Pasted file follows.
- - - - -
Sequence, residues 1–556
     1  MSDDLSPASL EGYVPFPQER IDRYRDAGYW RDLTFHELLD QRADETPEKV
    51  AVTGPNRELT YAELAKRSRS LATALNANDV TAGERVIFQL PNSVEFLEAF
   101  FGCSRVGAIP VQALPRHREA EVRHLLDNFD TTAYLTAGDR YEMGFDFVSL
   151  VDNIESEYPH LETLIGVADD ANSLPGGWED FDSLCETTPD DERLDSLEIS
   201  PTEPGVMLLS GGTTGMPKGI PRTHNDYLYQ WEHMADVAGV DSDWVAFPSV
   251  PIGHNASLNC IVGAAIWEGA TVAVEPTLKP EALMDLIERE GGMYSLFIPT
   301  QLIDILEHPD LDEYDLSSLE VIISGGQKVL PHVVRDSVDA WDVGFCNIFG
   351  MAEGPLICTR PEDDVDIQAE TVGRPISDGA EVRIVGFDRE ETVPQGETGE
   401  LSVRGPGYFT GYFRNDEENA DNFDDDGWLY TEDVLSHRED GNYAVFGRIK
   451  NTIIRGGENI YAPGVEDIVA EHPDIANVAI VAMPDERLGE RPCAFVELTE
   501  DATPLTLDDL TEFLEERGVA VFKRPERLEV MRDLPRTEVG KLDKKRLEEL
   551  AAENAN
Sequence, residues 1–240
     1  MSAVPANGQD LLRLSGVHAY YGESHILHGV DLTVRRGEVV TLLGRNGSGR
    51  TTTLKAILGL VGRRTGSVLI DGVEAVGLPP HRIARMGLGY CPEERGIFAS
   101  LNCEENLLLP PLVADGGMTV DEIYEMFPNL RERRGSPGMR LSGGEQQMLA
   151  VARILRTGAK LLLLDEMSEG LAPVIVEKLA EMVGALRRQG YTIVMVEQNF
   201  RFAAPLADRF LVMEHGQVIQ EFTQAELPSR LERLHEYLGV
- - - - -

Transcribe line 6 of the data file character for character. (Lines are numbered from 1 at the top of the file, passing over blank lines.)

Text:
   201  PTEPGVMLLS GGTTGMPKGI PRTHNDYLYQ WEHMADVAGV DSDWVAFPSV